Effect of interfacial tension on the cell structure of poly(methyl methacrylate)/bisphenol A polycarbonate blends foamed with CO2
Article first published online: 11 APR 2013
Copyright © 2013 Wiley Periodicals, Inc.
Journal of Applied Polymer Science
Special Issue: Polycarbonates and Green Chemistry
Volume 131, Issue 5, March 5, 2014
How to Cite
2014), Effect of interfacial tension on the cell structure of poly(methyl methacrylate)/bisphenol A polycarbonate blends foamed with CO2. J. Appl. Polym. Sci., 131, 39228. doi: 10.1002/app.39228and (
- Issue published online: 8 DEC 2013
- Article first published online: 11 APR 2013
- Manuscript Accepted: 25 FEB 2013
- Manuscript Received: 14 JAN 2013
- surfaces and interfaces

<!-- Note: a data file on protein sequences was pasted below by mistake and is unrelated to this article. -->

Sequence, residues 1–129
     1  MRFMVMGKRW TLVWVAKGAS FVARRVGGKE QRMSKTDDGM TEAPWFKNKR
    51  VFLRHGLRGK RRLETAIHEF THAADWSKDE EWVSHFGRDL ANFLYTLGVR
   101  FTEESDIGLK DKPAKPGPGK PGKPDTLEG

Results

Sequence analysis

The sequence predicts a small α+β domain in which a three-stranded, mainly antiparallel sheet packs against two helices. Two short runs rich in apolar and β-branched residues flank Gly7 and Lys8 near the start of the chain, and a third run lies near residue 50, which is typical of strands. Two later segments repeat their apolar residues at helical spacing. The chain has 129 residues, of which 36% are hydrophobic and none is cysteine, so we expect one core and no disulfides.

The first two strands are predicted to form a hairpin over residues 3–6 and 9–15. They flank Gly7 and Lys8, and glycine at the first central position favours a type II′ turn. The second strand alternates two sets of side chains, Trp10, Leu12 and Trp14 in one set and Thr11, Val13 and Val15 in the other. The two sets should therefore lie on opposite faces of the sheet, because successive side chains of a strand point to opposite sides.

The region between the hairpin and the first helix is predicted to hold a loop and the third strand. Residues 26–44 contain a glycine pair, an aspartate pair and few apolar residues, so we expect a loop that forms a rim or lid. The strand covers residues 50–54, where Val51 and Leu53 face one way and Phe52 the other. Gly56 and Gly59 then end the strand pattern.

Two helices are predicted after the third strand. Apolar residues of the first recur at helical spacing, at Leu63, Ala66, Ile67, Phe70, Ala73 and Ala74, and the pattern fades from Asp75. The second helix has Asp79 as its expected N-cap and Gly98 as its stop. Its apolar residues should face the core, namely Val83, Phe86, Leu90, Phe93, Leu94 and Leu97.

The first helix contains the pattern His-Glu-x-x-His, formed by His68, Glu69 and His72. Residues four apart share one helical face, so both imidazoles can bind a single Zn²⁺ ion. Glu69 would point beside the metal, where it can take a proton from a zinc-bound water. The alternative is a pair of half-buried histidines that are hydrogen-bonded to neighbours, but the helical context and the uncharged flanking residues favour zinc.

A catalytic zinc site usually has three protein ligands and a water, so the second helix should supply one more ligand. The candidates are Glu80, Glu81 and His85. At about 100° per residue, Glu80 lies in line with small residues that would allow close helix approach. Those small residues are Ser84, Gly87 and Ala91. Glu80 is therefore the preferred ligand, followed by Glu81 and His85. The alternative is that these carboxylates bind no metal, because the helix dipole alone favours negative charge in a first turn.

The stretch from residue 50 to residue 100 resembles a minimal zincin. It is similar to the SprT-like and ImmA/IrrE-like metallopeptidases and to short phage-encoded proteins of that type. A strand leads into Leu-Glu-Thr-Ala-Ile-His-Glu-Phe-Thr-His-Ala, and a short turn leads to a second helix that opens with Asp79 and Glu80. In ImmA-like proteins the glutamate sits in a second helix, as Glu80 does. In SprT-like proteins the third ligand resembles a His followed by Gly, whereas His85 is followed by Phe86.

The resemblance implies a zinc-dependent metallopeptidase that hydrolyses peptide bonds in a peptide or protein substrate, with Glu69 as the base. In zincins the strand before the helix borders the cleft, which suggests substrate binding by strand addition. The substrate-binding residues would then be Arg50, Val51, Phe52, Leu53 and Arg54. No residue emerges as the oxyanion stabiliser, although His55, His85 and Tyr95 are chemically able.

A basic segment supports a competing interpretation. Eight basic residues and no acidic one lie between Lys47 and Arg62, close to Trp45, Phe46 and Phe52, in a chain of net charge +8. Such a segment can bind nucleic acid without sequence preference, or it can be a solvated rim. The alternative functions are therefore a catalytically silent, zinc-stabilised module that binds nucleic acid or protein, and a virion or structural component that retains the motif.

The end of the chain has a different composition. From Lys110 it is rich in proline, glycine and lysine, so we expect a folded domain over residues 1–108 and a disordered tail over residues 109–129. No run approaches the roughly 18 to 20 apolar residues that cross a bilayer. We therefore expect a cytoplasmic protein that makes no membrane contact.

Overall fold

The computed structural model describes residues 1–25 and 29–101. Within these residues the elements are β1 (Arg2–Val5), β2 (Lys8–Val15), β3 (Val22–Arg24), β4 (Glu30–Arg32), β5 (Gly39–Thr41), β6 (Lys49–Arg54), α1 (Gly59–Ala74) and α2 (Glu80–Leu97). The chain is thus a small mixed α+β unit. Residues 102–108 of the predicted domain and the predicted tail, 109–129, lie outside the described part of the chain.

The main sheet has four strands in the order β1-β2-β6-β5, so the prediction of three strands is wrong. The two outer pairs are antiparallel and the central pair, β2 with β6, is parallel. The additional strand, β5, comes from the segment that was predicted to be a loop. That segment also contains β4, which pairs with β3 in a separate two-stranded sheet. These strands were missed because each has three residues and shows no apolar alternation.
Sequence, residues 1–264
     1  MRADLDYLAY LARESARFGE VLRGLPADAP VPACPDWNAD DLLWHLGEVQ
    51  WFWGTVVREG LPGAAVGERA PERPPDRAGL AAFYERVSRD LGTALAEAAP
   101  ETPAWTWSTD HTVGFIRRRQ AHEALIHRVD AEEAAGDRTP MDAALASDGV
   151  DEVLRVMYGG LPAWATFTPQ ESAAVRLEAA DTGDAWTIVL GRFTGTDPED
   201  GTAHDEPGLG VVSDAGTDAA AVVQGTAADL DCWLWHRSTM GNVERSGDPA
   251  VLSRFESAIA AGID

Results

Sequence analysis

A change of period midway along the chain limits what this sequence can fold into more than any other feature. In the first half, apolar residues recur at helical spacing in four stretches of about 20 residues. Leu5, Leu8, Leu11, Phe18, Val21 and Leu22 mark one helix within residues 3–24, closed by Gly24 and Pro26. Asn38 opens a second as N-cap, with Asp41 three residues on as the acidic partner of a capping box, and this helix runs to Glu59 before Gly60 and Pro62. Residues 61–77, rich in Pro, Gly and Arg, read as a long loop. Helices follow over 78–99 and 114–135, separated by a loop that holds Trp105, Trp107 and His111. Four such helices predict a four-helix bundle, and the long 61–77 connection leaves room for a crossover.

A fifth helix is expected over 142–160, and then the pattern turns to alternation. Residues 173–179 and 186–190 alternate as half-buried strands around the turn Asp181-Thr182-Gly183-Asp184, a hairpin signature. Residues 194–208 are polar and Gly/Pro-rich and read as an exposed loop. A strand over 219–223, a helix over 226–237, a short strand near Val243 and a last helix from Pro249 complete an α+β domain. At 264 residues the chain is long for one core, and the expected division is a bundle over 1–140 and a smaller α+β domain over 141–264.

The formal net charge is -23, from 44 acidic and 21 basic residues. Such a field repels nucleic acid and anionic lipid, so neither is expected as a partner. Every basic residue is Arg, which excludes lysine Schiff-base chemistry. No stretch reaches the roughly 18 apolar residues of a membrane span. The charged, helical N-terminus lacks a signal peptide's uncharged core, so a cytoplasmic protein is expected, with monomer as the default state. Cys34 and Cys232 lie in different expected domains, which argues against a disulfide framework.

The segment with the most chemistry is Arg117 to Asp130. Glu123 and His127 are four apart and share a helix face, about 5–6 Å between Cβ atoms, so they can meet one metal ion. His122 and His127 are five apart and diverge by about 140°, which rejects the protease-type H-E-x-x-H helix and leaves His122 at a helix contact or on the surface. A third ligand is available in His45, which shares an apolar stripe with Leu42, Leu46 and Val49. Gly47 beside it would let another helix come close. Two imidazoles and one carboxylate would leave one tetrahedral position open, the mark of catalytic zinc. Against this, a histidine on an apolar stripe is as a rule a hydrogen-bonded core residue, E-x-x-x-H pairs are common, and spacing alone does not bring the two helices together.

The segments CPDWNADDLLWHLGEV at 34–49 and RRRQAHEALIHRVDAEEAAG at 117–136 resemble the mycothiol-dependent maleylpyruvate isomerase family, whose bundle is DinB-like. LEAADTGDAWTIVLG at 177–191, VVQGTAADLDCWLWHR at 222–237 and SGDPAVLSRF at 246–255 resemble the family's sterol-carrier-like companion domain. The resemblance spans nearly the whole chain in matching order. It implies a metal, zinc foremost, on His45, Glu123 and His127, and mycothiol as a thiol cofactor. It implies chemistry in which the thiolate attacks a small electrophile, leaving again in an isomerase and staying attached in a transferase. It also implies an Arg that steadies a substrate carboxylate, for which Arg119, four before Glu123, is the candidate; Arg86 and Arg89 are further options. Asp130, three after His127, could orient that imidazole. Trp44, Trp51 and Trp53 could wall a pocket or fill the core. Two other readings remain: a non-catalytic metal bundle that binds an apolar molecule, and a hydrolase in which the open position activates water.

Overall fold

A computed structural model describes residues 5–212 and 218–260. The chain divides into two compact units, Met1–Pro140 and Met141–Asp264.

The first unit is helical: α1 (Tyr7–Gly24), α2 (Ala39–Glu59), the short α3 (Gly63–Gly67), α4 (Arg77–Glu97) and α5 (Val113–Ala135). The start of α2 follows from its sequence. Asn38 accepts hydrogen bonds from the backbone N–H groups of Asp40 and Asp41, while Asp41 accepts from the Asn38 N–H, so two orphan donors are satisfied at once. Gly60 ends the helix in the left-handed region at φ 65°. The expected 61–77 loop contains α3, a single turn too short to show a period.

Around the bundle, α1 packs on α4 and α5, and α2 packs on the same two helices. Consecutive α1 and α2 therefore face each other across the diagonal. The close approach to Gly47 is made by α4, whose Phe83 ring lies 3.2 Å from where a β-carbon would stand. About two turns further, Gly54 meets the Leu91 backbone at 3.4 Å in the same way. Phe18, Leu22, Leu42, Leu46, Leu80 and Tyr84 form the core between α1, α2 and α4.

A small amount of low-decomposition temperature poly(methyl methacrylate), (low-Td PMMA), can be used as a compatibilizer for high-decomposition temperature PMMA (high-Td PMMA) and polycarbonate (PC) blend systems. When low-Td PMMA is thermally decomposed in the PMMA/PC blend, the PMMA-g-PC copolymer is formed. This copolymer decreases the interfacial tension between PMMA and PC, decreases the domain size of PC and increases the interfacial area. Blends of high-Td PMMA/PC with different amounts of low-Td PMMA undergo a batch physical foaming with CO2. With increasing amounts of low-Td PMMA, which is equivalent to increasing the PMMA-g-PC copolymer, the number density of bubbles increases due to the increase of the interfacial area of disperse domains. However, the interfacial tension is decreased and the heterogeneity of PMMA/PC blend is decreased with increasing amounts of the copolymer. The number of bubbles per unit interfacial area and that per unit number of domains are decreased. © 2013 Wiley Periodicals, Inc. J. Appl. Polym. Sci., 2014, 131, 39228.